Camp & Cult Blogathon: Joanna (1968)

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Welcome to Day Eleven of the Camp & Cult Blogathon! Tomorrow is the last day, so if you have any submissions, make sure to get them in soon. I do accept late submissions, though not too late. Don’t show up in 2013 hoping to be added to the list, is all I’m saying. The master list of submissions is here, with new posts added every day.   ***   Joanna is a film I first saw on Encore nearly 20 years ago, back when the channel was my go-to place for old films. Truly, while TCM has been my self-inflicted Master’s degree in filmology and filmonomy, Encore was my undergraduate degree, and of the amazing 1960s and 1970s films I saw, Joanna was probably the most influential. But it had been twenty years and I quite honestly didn’t realize how much of this film I carried with me, how many moments in this film informed my own viewing, completely unconsciously of course, never quite remembering when or how I first saw a certain tracking shot or specific editing technique. Because it was so hard to find, I didn’t know how influential Joanna was for me until I saw it again tonight, a full two decades after it last showed on Encore. Now, I watched it whenever it was on for those few months, as Encore had a habit of repeating shows several times. That explains why, to this day, the theme song from the finale of Joanna will get stuck … Continue reading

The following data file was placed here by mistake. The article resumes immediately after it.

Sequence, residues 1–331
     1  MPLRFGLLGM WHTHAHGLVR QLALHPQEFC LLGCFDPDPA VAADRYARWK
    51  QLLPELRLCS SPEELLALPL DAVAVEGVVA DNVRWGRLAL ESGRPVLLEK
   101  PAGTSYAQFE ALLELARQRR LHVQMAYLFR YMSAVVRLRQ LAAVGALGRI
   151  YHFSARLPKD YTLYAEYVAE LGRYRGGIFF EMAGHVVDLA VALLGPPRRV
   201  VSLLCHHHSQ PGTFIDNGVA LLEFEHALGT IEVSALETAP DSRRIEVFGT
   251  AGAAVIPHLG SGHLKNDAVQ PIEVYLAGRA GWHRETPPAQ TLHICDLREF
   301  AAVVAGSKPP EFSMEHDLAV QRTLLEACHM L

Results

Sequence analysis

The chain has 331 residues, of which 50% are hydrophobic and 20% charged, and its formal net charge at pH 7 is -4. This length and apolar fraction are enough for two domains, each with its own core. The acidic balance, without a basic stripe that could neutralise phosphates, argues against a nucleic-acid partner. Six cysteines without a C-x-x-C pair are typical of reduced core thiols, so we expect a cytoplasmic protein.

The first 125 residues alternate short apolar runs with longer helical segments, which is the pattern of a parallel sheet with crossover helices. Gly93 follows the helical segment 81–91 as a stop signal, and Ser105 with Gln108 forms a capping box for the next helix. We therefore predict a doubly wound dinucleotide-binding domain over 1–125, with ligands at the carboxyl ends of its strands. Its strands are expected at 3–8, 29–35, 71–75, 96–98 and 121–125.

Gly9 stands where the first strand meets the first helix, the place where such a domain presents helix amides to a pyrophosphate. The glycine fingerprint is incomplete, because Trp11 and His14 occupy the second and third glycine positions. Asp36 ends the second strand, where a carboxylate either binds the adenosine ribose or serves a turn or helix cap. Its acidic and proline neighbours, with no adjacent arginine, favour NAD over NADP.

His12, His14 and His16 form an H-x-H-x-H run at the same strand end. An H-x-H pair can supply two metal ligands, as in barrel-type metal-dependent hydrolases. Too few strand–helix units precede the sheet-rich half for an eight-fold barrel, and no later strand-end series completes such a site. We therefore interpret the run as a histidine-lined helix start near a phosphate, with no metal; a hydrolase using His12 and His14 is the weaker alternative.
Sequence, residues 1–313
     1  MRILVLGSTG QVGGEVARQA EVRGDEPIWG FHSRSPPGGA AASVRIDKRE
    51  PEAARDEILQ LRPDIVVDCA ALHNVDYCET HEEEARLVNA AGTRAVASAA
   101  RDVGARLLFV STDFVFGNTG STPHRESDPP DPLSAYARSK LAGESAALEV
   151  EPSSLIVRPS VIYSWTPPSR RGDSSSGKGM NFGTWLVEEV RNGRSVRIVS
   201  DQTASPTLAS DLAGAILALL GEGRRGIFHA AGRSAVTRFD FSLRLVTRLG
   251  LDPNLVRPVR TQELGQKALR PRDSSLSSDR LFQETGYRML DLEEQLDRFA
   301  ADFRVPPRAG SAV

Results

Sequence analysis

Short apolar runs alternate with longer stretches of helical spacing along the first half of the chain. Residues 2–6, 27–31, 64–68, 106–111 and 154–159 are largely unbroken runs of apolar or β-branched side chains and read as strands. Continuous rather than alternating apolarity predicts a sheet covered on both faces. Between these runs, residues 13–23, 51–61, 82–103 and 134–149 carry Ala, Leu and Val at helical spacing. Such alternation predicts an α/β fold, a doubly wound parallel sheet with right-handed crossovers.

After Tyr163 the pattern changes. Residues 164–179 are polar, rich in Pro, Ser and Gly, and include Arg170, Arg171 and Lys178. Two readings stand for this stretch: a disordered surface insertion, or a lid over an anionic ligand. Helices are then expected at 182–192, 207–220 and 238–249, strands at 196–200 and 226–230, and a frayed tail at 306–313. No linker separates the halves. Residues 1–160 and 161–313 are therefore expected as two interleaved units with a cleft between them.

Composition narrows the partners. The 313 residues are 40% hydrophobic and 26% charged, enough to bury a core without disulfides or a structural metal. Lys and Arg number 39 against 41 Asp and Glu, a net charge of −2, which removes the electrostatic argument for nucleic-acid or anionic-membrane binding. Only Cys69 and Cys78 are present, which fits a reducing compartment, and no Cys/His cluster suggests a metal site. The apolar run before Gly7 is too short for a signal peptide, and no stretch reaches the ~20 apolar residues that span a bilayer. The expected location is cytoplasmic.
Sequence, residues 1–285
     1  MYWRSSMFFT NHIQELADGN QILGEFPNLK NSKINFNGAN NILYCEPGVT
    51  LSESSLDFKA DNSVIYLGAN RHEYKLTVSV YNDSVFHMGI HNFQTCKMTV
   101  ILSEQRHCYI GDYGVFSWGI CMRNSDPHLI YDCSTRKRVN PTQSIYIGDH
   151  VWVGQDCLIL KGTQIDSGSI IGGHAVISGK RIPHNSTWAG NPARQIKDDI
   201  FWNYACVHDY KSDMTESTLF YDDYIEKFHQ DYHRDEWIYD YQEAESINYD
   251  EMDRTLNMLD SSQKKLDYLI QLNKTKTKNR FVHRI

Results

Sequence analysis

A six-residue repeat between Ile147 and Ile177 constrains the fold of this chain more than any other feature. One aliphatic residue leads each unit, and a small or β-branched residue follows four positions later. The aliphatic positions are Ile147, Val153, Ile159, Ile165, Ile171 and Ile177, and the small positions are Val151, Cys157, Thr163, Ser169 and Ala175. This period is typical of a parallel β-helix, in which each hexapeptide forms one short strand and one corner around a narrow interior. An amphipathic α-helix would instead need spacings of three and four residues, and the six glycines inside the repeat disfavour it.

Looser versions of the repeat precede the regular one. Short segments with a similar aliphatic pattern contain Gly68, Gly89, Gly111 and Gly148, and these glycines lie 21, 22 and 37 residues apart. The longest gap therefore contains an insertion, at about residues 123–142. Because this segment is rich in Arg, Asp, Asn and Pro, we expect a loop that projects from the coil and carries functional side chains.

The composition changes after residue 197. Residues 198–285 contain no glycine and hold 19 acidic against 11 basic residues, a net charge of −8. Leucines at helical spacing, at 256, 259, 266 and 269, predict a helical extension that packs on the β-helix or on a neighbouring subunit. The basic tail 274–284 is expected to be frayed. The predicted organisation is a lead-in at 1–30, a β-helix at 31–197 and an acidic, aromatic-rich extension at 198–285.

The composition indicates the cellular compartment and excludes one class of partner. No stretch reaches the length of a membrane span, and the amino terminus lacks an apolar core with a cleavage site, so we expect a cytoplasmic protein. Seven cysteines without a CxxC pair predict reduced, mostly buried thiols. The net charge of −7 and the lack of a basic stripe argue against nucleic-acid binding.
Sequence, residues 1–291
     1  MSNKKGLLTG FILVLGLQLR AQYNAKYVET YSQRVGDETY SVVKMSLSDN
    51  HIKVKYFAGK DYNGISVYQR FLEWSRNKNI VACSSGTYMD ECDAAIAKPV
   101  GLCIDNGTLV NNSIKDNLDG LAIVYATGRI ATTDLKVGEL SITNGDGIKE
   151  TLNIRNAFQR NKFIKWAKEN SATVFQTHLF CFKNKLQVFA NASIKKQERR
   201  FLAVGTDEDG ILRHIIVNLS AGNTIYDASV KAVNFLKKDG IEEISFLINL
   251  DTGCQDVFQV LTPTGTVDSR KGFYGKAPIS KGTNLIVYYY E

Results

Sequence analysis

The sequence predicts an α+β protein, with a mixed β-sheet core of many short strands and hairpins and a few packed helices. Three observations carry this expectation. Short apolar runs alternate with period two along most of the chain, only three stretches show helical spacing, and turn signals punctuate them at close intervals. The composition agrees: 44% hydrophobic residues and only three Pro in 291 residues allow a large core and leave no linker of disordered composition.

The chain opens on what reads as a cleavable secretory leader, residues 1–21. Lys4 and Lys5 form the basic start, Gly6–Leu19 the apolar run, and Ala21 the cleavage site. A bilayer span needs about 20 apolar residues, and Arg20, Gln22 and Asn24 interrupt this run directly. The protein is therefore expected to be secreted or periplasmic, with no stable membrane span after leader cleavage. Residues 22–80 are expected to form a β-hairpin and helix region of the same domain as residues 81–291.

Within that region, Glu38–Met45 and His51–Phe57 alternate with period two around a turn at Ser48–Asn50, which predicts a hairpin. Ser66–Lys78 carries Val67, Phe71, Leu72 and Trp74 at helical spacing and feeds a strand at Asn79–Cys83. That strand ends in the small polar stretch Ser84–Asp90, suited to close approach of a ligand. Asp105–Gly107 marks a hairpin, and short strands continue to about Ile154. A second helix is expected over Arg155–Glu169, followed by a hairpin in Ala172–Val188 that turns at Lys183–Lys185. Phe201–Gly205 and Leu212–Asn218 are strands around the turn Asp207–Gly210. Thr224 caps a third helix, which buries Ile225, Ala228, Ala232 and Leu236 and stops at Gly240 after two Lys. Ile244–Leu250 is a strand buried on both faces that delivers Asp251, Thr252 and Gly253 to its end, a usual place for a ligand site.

Camp & Cult Blogathon: Lace (1984)

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Welcome to Day Ten of the Camp & Cult Blogathon! Don’t forget to check out all the entries here on the main page! The ‘thon ends on Friday the 28th, so there are only a few days left, so if you want to submit something, please comment here. If you have trouble commenting on the blog, drop me an email at glitterninja at gmail.com or she at shebloggedbynight.com. *** When the results of the Reader’s Choice poll arrived, there was a tie between Where Love Has Gone, reviewed here, and Lace, the 1984 miniseries I had planned on watching whether it won the vote or not. Yet, as is often the case, I underestimated the gulf between what normal, sane people consider high camp and what I, a person who is neither normal or sane, considers high camp. I’ve seen hundreds of bad films, and after a while one becomes desensitized to the problems common in bad films. Dull cinematography, poor dialogue, and bad acting are the norm. There has to be more there there for me to really get into it. That’s not to say Lace doesn’t try its damndest to be trashy and useless, because it does. It is a ridiculous soap opera plot, but the purpose of stupid soap opera plots is to allow room for the other entertaining bits that people watch trash TV for: Sex, scandal, fashion, scenery, and melodrama. The problem, and I say that as though there is only one problem with Lace … Continue reading